I have previously written about the increasing practice of disqualifying people from driving in their absence. This commonly happens when people tot up twelve penalty points, but do not attend the court, for whatever reason. The advice from our clerks is that we should proceed, but there is no hard and fast proof that the driver knows about his ban. Of course quite a few are playing the game, but quite a few are also unaware of the court's decision, because of the vagaries of the post (first class post is deemed to be good service as recorded delivery is too costly).
Today's defendant, a middle-class man of no previous convictions but with an unfortunately heavy right foot, insisted that he pleaded not guilty because he did not know that he had been disqualified. The duty solicitor, the prosecutor, and our legal adviser all told him that he did not have a defence in law, and that his claim amounted to no more than mitigation.
He was warned that a trial (in which he was likely to come a poor second) would involve about £600 in costs, whereas a guilty plea, in which he could put forward his mitigation would be £85.
I then went as far as I dared to give him a hint, saying "you have heard legal opinions from three experienced lawyers. We cannot advise you, but it seems to my colleagues and me that their advice is sensible and in your interests".
No dice. Trial listed.
You can lead a horse to water...........
Musings and Snippets from a recently retired JP. I served for 31 years, mostly in west London. I was Chairman of my Bench for some years, and a member of the National Bench Chairmen's Forum All cases are based on real ones, but anonymised and composited. All opinions are those of one or more individuals. JPs swear to enforce the law of the land, whether or not they approve of it. Nothing on here constitutes legal advice.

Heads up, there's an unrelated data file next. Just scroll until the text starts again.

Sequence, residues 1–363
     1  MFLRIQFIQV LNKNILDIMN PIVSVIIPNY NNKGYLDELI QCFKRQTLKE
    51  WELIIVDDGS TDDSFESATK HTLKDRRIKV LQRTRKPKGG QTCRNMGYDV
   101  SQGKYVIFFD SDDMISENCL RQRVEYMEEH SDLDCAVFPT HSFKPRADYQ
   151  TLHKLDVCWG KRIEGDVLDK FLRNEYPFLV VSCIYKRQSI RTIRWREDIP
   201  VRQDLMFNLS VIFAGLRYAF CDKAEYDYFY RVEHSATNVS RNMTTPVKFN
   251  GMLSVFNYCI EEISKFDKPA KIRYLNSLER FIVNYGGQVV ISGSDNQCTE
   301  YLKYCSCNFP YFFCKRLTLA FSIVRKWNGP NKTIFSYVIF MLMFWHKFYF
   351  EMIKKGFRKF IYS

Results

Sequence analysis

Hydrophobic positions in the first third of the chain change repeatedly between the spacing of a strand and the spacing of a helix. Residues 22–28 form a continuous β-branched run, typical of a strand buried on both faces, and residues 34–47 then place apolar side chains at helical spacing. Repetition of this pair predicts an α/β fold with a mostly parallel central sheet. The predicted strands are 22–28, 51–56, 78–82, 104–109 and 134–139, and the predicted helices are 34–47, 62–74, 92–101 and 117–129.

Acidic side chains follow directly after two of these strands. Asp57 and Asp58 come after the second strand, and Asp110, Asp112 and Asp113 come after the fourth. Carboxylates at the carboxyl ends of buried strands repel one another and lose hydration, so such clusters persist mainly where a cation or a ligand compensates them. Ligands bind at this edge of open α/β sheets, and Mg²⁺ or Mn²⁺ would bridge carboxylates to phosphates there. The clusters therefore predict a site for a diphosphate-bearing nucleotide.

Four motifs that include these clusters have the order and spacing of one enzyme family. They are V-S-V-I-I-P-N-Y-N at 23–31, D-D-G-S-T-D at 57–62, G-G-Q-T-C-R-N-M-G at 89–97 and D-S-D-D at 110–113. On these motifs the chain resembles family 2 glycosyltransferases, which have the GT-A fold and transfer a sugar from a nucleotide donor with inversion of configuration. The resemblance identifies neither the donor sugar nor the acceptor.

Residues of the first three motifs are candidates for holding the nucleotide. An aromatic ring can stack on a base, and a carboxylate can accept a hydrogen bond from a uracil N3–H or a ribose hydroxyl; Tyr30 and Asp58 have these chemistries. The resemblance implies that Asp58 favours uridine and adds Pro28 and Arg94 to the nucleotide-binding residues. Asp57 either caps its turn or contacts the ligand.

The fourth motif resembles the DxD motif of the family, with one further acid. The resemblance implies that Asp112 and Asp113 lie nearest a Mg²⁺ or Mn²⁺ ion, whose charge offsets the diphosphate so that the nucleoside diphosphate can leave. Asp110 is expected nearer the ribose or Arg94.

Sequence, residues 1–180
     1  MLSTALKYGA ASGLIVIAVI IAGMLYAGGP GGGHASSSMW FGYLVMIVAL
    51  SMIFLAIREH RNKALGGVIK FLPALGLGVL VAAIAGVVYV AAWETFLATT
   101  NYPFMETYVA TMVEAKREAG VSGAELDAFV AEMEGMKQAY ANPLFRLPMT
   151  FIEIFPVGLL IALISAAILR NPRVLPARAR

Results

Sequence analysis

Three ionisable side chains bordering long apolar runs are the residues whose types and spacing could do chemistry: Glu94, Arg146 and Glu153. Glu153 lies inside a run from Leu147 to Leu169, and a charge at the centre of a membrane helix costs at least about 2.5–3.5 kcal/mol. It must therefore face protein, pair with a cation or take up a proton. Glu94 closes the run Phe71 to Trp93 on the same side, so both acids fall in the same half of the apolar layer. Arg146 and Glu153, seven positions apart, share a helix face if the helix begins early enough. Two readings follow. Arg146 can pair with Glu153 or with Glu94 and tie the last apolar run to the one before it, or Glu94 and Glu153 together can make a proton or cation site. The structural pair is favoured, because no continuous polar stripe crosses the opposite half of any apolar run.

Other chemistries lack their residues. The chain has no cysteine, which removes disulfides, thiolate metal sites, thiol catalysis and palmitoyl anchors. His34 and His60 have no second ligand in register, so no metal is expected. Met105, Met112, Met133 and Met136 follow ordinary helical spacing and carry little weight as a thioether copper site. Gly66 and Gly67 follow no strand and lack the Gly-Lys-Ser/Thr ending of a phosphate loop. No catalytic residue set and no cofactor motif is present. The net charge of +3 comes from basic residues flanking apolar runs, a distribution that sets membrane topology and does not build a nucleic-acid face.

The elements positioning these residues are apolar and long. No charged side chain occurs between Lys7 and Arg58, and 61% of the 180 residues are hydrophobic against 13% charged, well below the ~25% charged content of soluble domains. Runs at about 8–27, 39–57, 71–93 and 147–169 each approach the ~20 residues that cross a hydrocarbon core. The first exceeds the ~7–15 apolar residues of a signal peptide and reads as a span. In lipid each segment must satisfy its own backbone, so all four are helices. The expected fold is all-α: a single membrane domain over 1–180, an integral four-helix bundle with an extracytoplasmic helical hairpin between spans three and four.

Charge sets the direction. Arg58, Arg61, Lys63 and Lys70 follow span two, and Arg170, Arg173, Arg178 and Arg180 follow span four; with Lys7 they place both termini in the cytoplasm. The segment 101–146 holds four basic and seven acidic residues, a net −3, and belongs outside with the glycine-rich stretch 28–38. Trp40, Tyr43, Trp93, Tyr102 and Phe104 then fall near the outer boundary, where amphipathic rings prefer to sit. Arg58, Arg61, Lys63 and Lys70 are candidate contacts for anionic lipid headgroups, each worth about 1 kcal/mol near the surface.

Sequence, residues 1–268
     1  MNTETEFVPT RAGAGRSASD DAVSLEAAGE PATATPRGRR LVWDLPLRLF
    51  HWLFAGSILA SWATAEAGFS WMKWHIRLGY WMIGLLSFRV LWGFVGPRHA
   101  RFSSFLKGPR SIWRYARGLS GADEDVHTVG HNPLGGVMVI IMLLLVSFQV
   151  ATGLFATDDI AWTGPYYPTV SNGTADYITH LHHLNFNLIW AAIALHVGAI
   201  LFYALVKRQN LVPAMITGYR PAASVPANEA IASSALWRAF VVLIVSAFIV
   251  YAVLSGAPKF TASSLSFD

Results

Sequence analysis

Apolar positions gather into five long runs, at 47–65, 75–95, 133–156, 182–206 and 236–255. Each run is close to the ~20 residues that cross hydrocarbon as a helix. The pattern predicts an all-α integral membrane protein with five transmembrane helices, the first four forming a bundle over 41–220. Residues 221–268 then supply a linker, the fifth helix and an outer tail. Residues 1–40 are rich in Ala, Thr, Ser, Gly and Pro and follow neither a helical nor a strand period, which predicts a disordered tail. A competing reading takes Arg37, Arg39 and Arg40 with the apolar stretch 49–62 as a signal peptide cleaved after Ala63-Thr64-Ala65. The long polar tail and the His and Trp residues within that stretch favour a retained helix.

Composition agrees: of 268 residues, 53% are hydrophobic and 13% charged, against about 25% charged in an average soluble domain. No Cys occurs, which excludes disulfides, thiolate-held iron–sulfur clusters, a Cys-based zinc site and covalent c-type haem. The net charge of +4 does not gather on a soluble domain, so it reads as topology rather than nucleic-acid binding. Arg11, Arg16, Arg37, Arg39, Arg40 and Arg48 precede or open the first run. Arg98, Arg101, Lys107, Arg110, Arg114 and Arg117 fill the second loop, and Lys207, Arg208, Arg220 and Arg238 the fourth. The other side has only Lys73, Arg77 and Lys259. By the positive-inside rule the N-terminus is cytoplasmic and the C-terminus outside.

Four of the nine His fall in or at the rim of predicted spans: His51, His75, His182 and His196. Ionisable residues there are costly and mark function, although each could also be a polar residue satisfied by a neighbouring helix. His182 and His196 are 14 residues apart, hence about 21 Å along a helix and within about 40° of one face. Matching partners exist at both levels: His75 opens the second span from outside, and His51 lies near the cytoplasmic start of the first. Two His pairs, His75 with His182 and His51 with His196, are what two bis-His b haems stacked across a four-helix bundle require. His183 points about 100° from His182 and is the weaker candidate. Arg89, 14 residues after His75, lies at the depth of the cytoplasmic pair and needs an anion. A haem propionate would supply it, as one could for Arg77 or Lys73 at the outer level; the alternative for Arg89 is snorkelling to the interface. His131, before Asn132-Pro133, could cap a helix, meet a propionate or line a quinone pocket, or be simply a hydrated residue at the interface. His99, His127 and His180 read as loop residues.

Tuesday, October 07, 2014
You Can Lead A Horse To Water......
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Seems to me that this is one of those issues that should be the same across the country. My bench never used to disqualify in absence and I know that others did. The sooner one of these gets to the appeal court, the better.ReplyDelete
Yes the post is good but even if a letter is put through a letterbox we have no way of knowing that the defendant received it. Despite all our training it still remains a sad fact that every so often our dog does, quite literally, eat an envelope and it's contents. We just find a few scraps of paper on the floor. How would I get a court to believe that?
Sounds suspiciously like you had a defendant who still believed that the law existed to ensure that justice was done...ReplyDelete
I see so many clients who, in their innocence, believe actions can be justified and charges therefore expunged.
It don't work like that, says I...
Perhaps he thought it was worth £600 to have his day in court and tell the system of the unfairness of what had happened. I think I would do the same if I was in his position. If you think it's just about the money I think you've been in the game too long and lost sight of a few things, especially with such small sums as these.ReplyDelete
Luckily for me, I can afford the £600. It would of course be different if I couldn't afford it.
PS: Where is our much vaunted HRA here? Surely it says something about being found guilty in the absence of the accused, that is, without a chance of defending himself in court?
I don't know the figures for the number of drivers disqualified in absence, but I guess it isn't that many, so why not use recorded delivery (signed for) to avoid these sorts of issues?ReplyDelete